Toolangi & Castella Community Garden

Amidst the towering Mountain Ash forests of the Kinglake Ranges in Victoria, sit the two small conjoined communities of Toolangi & Castella.  In 2009, the Black Saturday Bush Fires swept unrelentingly across this mountainside, with many properties and lives lost.  But amid this devastation and loss the resilience of a united community shone through. And so three years later, on a perfect late spring morning in November, locals and guests gathered to celebrate the opening of not one, but four separate community driven projects that are all testimony to the strength and passion of the people of this district for their mountain home. Read more


Jindivick Community Garden Open Day

Saturday 20th October 2012 from 10am to 4pm
Jindivick Community Garden, at Kydd Parke Reserve in Jindivick is participating in West Gippsland’s Festival of Gardens – Gardivalia,  for the first time over the weekends of October 20th/21st and 27th/28th. The garden is open each day from 10am to 4pm.

This is a new and very picturesque community garden. It has been built entirely by the community and has been designed to be a shared community space for gardeners and non-gardeners alike. The majority of the plants in the garden are edible including fruit producing trees, scented shrubs and vegetables grown in raised garden beds. But this is also a memorial garden, with many local people choosing to donate a tree to the garden in honour of a loved family member or friend.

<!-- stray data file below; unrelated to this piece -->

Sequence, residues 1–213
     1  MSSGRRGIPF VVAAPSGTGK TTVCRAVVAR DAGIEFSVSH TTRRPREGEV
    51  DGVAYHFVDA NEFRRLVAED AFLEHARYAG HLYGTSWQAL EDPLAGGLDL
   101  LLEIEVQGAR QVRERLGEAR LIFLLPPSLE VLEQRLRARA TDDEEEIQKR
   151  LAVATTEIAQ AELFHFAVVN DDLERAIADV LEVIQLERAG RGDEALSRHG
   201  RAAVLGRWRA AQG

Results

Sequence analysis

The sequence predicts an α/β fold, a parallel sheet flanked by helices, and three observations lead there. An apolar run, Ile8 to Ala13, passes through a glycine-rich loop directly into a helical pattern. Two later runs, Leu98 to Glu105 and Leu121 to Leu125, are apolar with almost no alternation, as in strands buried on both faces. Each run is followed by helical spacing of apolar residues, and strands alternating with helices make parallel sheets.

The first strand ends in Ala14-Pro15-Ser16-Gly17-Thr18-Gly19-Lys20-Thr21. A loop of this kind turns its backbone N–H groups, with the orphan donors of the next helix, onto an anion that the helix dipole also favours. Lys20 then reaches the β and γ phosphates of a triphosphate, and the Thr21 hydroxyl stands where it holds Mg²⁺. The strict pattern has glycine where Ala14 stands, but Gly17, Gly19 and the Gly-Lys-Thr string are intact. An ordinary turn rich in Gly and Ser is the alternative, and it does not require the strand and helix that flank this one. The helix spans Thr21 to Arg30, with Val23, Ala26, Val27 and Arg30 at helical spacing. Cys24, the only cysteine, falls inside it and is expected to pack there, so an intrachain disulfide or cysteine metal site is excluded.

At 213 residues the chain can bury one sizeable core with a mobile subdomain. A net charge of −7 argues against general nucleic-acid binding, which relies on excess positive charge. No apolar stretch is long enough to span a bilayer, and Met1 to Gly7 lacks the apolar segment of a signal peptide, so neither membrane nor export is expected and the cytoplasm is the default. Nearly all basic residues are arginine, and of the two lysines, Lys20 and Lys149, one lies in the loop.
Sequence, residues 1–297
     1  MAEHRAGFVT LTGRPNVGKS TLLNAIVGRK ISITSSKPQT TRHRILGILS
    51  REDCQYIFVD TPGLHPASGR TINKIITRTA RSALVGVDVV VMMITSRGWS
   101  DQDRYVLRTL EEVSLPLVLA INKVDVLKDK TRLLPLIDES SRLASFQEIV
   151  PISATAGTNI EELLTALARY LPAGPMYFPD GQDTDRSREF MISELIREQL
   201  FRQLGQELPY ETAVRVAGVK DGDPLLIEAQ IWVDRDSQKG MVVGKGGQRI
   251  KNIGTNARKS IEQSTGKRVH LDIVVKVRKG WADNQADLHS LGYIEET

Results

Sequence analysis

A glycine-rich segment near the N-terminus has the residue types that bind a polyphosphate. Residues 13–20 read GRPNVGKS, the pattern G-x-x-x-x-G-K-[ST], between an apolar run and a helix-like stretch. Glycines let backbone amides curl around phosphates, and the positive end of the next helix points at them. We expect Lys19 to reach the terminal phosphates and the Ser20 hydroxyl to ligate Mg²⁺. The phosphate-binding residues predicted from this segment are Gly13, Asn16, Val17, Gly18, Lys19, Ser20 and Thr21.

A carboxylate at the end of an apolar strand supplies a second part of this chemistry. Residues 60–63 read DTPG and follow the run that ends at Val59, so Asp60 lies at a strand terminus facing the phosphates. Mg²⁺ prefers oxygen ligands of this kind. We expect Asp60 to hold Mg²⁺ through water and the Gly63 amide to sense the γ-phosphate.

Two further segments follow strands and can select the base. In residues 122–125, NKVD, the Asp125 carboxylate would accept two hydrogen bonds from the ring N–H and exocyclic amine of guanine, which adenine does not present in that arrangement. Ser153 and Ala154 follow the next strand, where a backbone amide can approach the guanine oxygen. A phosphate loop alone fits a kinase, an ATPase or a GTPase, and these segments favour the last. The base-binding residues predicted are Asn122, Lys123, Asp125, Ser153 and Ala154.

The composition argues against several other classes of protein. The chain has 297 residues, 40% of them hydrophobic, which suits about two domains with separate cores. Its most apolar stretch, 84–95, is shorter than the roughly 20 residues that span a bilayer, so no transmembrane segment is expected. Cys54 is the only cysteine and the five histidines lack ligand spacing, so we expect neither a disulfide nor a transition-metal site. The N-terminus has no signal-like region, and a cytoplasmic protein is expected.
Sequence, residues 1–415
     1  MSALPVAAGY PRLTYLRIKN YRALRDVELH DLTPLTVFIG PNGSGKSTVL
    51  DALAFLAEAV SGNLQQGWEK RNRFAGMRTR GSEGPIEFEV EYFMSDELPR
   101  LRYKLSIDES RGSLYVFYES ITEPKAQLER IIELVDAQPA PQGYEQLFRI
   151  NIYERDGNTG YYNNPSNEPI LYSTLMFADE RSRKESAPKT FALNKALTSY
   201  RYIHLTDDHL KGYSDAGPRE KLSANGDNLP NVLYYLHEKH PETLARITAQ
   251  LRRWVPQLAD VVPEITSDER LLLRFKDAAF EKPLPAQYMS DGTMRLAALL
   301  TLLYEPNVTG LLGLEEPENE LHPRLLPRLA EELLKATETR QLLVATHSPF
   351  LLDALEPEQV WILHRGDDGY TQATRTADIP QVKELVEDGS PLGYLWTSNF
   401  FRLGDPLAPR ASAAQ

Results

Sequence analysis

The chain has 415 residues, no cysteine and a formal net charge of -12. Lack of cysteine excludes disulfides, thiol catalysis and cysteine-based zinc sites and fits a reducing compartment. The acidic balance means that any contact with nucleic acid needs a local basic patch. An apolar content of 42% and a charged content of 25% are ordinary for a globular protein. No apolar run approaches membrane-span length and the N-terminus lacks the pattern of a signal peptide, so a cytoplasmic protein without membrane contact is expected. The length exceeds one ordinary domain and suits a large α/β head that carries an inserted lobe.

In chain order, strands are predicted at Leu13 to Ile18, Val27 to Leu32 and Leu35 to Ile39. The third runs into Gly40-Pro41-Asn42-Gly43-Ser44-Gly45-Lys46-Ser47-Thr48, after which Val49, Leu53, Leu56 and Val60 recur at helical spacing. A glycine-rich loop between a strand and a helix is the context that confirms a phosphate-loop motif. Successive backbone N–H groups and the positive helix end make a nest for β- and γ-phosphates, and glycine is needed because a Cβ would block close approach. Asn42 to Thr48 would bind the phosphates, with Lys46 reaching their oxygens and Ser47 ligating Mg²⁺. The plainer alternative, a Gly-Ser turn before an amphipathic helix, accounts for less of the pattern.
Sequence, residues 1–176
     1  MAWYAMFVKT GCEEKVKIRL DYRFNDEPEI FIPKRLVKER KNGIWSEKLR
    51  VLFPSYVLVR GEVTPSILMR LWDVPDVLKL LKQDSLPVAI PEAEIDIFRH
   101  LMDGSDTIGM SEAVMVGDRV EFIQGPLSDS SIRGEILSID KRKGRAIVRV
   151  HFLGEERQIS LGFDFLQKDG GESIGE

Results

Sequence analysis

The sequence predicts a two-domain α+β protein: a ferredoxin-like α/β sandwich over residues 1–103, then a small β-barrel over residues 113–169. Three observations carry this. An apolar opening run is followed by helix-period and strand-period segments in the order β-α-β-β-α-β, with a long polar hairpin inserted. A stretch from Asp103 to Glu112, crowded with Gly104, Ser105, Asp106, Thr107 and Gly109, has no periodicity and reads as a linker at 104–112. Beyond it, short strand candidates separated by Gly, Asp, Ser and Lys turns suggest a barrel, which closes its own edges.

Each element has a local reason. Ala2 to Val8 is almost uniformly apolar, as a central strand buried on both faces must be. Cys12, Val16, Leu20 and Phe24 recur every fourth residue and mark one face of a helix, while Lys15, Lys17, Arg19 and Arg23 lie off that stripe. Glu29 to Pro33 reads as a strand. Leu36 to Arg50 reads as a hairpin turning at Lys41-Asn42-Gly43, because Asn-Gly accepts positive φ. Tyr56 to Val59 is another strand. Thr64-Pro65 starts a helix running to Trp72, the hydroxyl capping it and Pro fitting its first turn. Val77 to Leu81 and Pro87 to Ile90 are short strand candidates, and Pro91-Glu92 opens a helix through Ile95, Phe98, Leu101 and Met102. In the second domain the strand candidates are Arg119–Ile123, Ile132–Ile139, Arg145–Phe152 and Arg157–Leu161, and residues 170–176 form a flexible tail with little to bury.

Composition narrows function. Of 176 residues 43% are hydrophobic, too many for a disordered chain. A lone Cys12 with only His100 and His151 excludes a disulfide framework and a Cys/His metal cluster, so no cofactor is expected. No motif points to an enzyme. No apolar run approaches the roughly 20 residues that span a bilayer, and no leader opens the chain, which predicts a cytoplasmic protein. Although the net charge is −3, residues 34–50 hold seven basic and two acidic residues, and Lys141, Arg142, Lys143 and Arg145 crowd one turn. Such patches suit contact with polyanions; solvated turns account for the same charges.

Read more


Growing Herbs, Vegetables & Flowering Annuals from Seed

Growing from seed is fun and rewarding as well as being very cost effective. You can access a much broader variety of plants than those that are generally available as seedlings in nurseries. Commercial growers simply cannot afford to produce small volumes of a wide range plants profitably and so concentrate on the mass production of familiar and ‘safe’ options. So if you want to grow heritage plants or rare and unusual varieties, particularly of vegetables, then you need to grow from seed. Nowadays it is relatively easy to obtain high quality seeds through nurseries or direct from seed companies through mail order. (Note that there are quarantine restrictions on seed coming into Australia from overseas).

Seed Provenance
One thing to consider when ordering seeds online is to identify the provenance or original source of those seeds. If say, you are purchasing seeds from a seed company in Queensland who produce their own seed, then potentially those seeds will have performed well in that environment. But will they necessarily perform as well in say, the foothills of the Victorian Alps? As a rule of thumb you should try to source seed from an area as close to your own growing conditions as possible. Some seed companies source seed from other growers so, if in doubt, check with the seed company.

An excellent way to source locally produced seed is to become part of the Seed Savers Network. This is an organisation that encourages members to grow, preserve, collect and exchange seed with other gardeners in the same area. For further information on the Seed Savers Network visit www.seedsavers.net

Seed Viability